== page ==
US Surreptitiously Aids Syrian Rebels: Sept 2, 2012

While most of America slept, the United States Navy surreptitiously aided Syrian rebels in repelling the Syrian Army.

From a naval battlegroup in the Strait of Hormuz, several un-encoded, step-by-step directions on defeating Syrian Army tanks and planes were sent via text-message and cell phone directly to rebels and citizens trying to re-take cities and the Syrian airport.

Two U.S. Navy sources confirmed that such messages were sent, although it was requested by the sources that this information be held for twelve hours to enable the U.S. military to assess what, if any, impact had occurred.

Such texts include, but are not limited to, “(B)e sure to use [a] tank shell that looks like it has a spike on it.  This is a penetrator.”

Perhaps most interesting of the information was said about downing Russian MIGS, the infamous plane favored by the Russian Air Force.  How the Syrian Air Force was able to obtain these planes is no mystery: Russia has been open about aiding Syrian President al-Assad in his quest to destroy not only the Syrian rebels but his own people as well.

When asked about these events, a U.S. State Department spokesperson said, “We hope the international community is able to resolve this conflict.”  A spokesperson for the Pentagon declined comment but did not deny the messages had been sent by U.S. Navy personnel.

Although by daylight the Syrian Army had resumed its shelling and it appeared the rebels were once again being pushed back, the only certainties that remain is that the situation is fluid and the loss of life will continue.

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Russia: The Cold War Returns

This is one in a series of essays about current global affairs.

Despite global warming, the Cold War is returning.

Russia, no longer feeling the “deep connection” between then-President Vladimir Putin and America’s former President George W. Bush, now is openly displaying disdain for the United States and the United Nations.

Putin, now Russia’s prime minister and running for a third term as president, not only is backing Syria with words but with weaponry as well.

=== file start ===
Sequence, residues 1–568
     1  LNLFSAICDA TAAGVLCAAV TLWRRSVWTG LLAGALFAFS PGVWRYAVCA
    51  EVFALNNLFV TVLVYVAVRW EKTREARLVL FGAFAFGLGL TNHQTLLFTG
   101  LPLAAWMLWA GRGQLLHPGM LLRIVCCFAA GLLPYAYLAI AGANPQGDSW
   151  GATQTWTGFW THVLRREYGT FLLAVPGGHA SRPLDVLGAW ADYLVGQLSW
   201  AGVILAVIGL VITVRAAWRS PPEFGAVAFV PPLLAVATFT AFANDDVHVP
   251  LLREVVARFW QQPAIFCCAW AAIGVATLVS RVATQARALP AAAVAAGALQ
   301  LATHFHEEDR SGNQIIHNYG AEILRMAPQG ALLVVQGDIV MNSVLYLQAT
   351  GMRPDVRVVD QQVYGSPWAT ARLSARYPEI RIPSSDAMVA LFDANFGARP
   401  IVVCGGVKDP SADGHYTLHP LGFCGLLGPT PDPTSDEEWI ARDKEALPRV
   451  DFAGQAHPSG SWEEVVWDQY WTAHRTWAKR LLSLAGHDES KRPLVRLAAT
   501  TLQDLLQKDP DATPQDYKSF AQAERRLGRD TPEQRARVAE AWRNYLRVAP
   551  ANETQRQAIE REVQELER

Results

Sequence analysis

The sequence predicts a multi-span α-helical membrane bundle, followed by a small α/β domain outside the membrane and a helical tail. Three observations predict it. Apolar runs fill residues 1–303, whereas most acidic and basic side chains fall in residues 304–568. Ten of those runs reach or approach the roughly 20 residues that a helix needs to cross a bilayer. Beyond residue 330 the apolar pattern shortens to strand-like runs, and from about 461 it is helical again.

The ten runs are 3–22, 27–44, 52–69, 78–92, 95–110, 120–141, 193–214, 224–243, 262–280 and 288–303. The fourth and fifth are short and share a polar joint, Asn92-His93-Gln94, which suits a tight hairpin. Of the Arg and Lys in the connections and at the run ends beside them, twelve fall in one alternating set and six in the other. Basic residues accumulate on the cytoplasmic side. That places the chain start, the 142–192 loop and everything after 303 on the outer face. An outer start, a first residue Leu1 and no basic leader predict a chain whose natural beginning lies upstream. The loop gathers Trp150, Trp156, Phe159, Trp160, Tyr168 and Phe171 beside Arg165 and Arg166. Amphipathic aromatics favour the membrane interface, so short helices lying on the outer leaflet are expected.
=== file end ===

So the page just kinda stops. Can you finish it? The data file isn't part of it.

Both Russia and China vetoed a United Nations Security Council resolution for sanctions against Syria for the ongoing, daily massacres of the Syrian people by their government.

“In Syria there is a massacre,” Israeli Vice-Prime Minister Silvan Shalom recently told CNN. In a meeting February 13, 2012, U.S. Secretary of State Hillary Clinton and Turkey’s Foreign Minister Davutoglu discussed both Syria and Iran, noting the current similarities between the two nations.

One similarity not mentioned in the mainstream U.S. press was that both Syria and Iran are receiving weapons from Russia. While Putin himself has not handed a rocket-propelled grenade launcher to someone in Syria, the same day a shipment of arms bound for Syria was intercepted by the U.S, Putin told the world community that Russia backs Syrian President al-Assad. Iran has long been on the receiving end of both weapons and “nuclear devices,” purportedly for nuclear reactors, from Russia. Yet Iran announced Feb. 14, 2012, that their nuclear bunker was complete — a bunker built for making nuclear weapons. The U.S. Navy said on Feb. 13 that Iran was capable of sea-based suicide attacks similar to the attack on the U.S.S. Cole in Yemen, according to CBS News.

Neither Syria nor Iran is an American ally. While Russia technically is still considered an ally, more questions are being raised about loyalty to the U.S — particularly if Putin is successful in again winning the presidency.

“If he cannot change things and change himself, and I think that will be very difficult for him,” former Soviet Leader and President Mikhail Gorbachev — who ended the Cold War in the 1980s — said in a recent lecture at Moscow’s International University, “I think people will pour out into the streets.” 

Under Putin’s guidance, opposition leader Grigory Yavlinsky was banned from the March 4, 2012, presidential election. “[Putin] is convinced that he will win, of course,” said Gorbachev, despite the continuing outcry over the results of the December 4, 2011, parliamentary election in which Putin’s party purportedly won 49.3 percent of the vote.

By placing himself upon the world stage through his orchestration of not only Russia’s elections but the UNSC veto and the strategic armament of both Syria and Iran, Putin has become the face of the return of the Cold War.

Running Toward War

This is one in a series of foreign policy analysis essays on the current global situation. All material copyright February 2012 by Jace Foster Ink and is written by Jace Foster.

In a calculated, timed move the world has seemingly split into two parts over the past 48 hours, with countries running headfirst into a war that has been building over the last several months.

Russia and China announced February 6, 2012, that they would not be backing sanctions against Syria by the United Nations Security Council (UNSC). The next day Russia sent their foreign minister, Sergei Lavrov, to Damascus for talks with Syria’s President al-Assad. Lavrov said, “Syria’s Assad will soon announce [a] date for [a] referendum on [a] new Syrian constitution,” according to Reuters.

Philip J. Crowley, the Omar Bradley Chair of Strategic Leadership, said, “Lavrov will create the appearance of an ongoing process so the proverbial dead cat (and dead Syrians) are not laid at Russia’s feet.”

Meanwhile shelling continued in Homs, with dozens lying dead in the streets as the assault by Assad’s troops intensified.

Russia and China are but two in a union that includes aforementioned Syria, Pakistan — once an ally of the United States — Iran and Venezuela.  China began to make inroads into Africa in search of allies on Sunday, February 5, then on Monday offered to help the European Union countries facing economic crises.